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Building a Carbon Flyer
A Carbon Flyer airframe uses carbon rods for the airframe structure, joined with silicone tubes. The airframe is then covered with Mylar film to give a very light weight glider airframe. Here, we show you the building techniques you will need to design and build your own Carbon Flyer.

1.2 grams all up flying weight.
(More info on this design HERE)

The basic airframe construction is accomplished using carbon rods and silicone tubes of various thicknesses. The silicone tubes are used to hold the ends of the carbon rods together and also to join one piece of carbon to another. The silicone tube is very flexible and at the same time soft enough to be pierced by a sharpened piece of carbon rod.

Mylar is used to cover the flight surfaces, and this is glued on with a UHU Por Expanded Polystyrene mixture. The yellow tape is 2mm Kapton electrical tape and this is used to brace the carbon to keep it in place at a set width.

Product Links
Kapton Tape UHU Por Glue Mylar Carbon Rods

Bending Carbon Rods
Carbon rods can be bent to form wings and horizontal and vertical stabilisers. See this guide to find out the minimum recommended diameter bend and breaking point of various thicknesses of carbon rod.

Carbon Bending Guide Link

Using Silicone Tube for Joints
Silicone tube can be used to join various airframe parts together. This comprehensive guide shows which thickness of silicone tube to use for each type of carbon rod as well as the range of joint types which can be achieved using this method.

Silicone Tube Joints Guide Link
Useful Techniques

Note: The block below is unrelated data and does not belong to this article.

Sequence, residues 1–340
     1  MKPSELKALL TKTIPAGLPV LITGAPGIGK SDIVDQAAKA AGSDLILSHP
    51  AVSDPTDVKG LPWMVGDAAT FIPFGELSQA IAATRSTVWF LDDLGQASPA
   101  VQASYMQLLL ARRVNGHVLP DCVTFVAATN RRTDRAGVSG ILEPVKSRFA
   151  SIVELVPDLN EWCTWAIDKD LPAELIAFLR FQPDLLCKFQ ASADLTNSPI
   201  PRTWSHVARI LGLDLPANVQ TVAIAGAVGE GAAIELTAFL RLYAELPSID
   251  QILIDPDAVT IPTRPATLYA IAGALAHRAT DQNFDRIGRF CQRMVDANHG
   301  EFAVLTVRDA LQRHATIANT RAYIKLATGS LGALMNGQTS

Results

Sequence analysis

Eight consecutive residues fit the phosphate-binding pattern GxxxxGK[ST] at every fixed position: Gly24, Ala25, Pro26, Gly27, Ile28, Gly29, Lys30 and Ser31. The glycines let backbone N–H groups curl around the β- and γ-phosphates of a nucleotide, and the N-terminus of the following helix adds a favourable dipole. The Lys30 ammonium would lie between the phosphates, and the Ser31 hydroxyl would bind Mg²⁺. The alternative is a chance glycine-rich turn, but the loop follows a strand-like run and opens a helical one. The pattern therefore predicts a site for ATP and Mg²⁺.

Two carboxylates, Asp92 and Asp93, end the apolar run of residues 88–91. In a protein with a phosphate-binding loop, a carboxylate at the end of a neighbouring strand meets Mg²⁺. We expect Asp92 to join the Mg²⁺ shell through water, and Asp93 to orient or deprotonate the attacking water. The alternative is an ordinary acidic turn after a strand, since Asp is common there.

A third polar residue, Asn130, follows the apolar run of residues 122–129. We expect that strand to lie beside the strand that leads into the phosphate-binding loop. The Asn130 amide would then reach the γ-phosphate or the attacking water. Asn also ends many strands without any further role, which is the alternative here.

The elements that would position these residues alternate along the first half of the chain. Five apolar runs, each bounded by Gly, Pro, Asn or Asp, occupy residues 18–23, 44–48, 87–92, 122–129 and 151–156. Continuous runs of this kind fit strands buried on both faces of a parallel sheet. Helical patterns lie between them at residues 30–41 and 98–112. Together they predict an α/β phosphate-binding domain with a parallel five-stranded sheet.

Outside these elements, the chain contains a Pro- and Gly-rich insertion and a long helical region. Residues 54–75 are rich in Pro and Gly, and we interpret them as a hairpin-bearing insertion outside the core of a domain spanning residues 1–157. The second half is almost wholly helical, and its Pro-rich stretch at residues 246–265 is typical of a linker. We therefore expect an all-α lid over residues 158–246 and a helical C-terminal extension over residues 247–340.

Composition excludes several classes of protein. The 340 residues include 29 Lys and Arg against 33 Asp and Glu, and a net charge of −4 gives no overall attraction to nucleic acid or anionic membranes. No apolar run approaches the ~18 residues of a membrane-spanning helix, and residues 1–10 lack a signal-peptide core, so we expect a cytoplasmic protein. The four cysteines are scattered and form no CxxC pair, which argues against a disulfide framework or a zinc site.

Building Airframes
Airframes are constructed from carbon rods. However carbon is difficult to glue so we instead use silicone tubes to join the various pieces of carbon together. It’s best to work on a cork board or pin board when building your airframe parts. The airframe carbon parts can be pinned to the board to keep them in place as the Kapton electrical tape is put in place to hold the airframe to the required shape.

Preparing Mylar Frames
It is best to prepare a frame to hold the Mylar sheet tight while the carbon airframe parts are drying. This same frame will also assist by keeping the Mylar tight which will allow easier cutting out of the pieces. Some scrap foam or balsa can be used to make a Mylar frame.

Attaching Mylar to the Flight Surfaces.
A mixture of Shellite (similar to lighter fuel) or otherwise known as White Spirit can be used to thin out the UHU Por Expanded Polystyrene glue. This makes for easier application to the carbon and less weight. Once applied to the carbon parts they are put on the Mylar frames to dry.

Removing Airframe Parts from the Mylar Frame
The tightness of the Mylar in the frame assists in keeping the Mylar stretched tight while we cut the airframe piece out. This gives a good clean close cut around the frame.